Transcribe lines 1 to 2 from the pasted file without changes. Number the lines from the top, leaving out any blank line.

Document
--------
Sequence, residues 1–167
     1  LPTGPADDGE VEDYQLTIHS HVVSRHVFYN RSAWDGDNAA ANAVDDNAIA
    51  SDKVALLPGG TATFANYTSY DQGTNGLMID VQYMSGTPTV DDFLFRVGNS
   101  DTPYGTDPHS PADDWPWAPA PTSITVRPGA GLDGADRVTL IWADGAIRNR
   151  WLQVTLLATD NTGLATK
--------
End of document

Sequence, residues 1–167
     1  LPTGPADDGE VEDYQLTIHS HVVSRHVFYN RSAWDGDNAA ANAVDDNAIA